4. I tighten all of the bolts holding the window mechanism and put blue Loctite on all of them. If they came loose now we will not be able to blame Porsche. There is an adjustment at the bottom of the window regulator that can be moved up a bit since the window keeps running down and putting pressure on the door even after it is disappeared into the door. I am sure that the constant flexing is not that good for future metal fatigue.
5. There are a number of wires (and vacuum tubes on the older models) that can rattle. These had been rerouted inside both of my doors. They are supposed the run alone the top of the door with clips holding them in place. On my 78 Porsche had added some padding below the wires - this was missing from the 86. I added in a couple of strips of foam and some tie straps. Every little bit helps.
6. While in there I took the opportunity to lubricate every thing including the power door locks. The power door locks will fail it they get stuck and cause the doors to unlock.
7. The final thing that made the most difference was the replacement of the two plastic runners on the vertical bar. These have very tight tolerances and very small contact areas. The new ones are tight when installed and immediately remove all of the play in the windows. Part numbers 928.537.260.02 and 928.537.289.02 (these are right hand for the left 01). The parts cost less than $30 a door and are available from our good friends at DEVEK or your local dealer. I was able to get the left side tightened up using a toothpick in the rubber portion of the lower guide to tighten the tolerances and a tie strap of the upper guide. But given the low cost of these parts, ease of replacement and the end results it is well worth the investment on new parts.
8. Both doors were missing the plastic inner liners. These act as moisture barriers and can block moisture that gets inside the door during rain storms. The inner portion of the door panel is made of material that simply melts and rots under wet conditions. I made a new moisture barrier out of some 4 mill plastic - again, from the hardware store.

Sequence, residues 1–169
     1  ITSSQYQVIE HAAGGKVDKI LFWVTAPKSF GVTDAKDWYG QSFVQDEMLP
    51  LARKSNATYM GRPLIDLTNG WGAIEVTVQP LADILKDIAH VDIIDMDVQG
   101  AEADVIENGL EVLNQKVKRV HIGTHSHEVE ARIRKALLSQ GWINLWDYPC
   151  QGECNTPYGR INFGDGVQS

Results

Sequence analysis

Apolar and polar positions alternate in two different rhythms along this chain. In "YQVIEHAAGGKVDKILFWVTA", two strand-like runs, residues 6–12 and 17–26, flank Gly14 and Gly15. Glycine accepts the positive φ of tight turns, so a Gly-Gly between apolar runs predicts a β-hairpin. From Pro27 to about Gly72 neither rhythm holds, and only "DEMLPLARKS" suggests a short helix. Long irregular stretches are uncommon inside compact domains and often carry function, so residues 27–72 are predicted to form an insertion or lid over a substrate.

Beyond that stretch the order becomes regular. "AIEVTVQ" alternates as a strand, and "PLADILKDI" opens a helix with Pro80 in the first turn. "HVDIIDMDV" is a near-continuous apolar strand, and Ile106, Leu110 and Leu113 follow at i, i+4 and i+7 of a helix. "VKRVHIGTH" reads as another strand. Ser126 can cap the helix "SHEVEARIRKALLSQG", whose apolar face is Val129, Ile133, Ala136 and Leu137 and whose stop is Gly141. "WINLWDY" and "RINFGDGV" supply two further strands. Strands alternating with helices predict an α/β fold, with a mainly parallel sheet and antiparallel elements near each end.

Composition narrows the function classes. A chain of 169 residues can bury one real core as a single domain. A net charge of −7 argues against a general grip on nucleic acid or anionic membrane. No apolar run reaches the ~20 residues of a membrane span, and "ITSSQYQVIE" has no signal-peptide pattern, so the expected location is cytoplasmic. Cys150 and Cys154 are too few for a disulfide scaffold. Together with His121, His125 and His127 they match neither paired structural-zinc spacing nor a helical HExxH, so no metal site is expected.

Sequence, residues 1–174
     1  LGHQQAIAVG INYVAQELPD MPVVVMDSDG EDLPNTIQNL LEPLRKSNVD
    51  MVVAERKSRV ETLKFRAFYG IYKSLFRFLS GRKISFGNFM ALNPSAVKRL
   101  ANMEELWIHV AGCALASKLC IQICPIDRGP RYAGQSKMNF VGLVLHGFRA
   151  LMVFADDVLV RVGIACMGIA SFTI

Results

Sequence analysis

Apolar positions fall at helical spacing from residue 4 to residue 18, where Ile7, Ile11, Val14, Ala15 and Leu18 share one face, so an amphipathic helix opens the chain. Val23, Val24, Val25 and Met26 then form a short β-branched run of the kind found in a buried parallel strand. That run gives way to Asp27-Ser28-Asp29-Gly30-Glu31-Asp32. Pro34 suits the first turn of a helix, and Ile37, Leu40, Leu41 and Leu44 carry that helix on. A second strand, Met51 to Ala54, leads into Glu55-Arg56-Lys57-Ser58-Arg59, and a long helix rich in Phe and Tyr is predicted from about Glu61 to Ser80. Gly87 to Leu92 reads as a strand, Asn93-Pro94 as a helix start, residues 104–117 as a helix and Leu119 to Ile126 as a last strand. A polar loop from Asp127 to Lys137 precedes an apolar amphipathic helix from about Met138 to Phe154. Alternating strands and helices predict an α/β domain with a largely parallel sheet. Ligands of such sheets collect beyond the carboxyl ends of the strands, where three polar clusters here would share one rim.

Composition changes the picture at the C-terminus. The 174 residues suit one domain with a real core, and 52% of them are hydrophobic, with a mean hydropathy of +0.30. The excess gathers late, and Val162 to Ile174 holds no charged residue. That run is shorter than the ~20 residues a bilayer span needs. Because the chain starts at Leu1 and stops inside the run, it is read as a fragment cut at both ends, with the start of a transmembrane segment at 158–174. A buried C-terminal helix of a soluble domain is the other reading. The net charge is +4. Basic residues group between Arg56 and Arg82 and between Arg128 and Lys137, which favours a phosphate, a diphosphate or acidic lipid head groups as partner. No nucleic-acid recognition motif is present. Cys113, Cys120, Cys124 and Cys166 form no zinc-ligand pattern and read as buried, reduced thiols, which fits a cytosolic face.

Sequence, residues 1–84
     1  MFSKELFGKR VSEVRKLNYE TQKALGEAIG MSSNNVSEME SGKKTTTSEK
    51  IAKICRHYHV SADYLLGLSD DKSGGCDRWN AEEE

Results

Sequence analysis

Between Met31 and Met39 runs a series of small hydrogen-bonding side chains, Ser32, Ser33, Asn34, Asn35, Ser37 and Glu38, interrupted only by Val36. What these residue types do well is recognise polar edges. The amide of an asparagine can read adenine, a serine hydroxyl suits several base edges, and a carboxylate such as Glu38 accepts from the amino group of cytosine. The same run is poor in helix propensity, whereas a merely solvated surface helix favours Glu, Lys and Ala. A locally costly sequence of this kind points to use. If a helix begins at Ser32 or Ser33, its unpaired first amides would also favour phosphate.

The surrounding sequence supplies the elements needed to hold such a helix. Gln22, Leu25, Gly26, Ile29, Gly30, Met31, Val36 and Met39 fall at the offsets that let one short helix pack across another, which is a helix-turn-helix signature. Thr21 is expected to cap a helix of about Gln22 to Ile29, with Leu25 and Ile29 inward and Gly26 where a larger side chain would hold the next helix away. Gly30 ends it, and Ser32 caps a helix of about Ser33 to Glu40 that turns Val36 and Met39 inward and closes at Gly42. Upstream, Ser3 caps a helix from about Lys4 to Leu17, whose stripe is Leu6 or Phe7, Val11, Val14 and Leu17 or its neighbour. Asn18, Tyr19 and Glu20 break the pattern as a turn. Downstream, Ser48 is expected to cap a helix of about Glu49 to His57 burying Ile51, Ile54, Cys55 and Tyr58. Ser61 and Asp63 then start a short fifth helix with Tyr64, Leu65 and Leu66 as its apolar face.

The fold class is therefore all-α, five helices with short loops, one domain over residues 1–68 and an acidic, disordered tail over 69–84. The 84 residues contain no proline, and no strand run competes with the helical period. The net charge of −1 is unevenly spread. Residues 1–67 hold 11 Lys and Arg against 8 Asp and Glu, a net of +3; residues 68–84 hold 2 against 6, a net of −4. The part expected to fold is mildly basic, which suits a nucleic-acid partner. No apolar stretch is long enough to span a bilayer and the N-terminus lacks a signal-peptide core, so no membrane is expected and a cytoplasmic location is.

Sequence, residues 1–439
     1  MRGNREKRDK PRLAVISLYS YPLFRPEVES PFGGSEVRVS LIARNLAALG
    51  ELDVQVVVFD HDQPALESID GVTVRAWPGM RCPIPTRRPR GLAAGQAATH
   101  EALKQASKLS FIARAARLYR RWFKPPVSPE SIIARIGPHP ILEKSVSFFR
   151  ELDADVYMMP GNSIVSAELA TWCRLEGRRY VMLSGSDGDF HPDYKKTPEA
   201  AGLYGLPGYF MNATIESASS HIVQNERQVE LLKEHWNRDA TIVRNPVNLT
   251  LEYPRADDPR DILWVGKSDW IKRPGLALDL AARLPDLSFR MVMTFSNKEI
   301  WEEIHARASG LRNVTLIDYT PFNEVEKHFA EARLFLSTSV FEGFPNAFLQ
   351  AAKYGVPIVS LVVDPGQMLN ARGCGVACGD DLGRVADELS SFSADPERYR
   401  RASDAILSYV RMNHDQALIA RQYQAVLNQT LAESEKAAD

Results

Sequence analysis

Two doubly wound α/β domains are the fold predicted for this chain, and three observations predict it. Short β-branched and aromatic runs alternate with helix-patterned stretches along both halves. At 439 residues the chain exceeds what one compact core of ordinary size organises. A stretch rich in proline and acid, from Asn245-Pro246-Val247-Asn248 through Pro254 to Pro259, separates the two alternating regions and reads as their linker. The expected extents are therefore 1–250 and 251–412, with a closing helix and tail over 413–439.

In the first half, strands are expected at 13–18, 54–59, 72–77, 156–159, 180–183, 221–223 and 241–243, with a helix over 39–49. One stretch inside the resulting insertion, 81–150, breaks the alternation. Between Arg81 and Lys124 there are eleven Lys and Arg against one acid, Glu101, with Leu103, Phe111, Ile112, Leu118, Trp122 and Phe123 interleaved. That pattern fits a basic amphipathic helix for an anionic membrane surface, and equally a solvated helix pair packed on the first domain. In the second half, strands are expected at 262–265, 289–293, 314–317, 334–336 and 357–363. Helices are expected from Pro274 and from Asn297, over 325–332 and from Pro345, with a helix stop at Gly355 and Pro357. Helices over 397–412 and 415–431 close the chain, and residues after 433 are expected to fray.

As a result the windows no longer rattle when first rolling down and operate like a Mercedes through the entire cycle. There is no rattle or play when the windows are partly down.
There are many adjustments on the window position. When installing the new parts be sure to test the operation before putting the panel back on. I counted at least nine adjustments that can be made when installing the windows so these need to be balanced
Pictures to follow - sure is nice to drive the car and not hear a lot of rattles when I hit a bump.
For my winter project this year (albeit a small one), I chose to address the dreaded window rattle (driver's side only). There has been much discussion over the past couple years on appropriate remedies, I chose to go the whole magillia and replace the window guides which appeared to be the culprit as the felt on the "bumpers" appeared in tact. The original guides were VERY sloppy on the window rod in comparison to the new ones.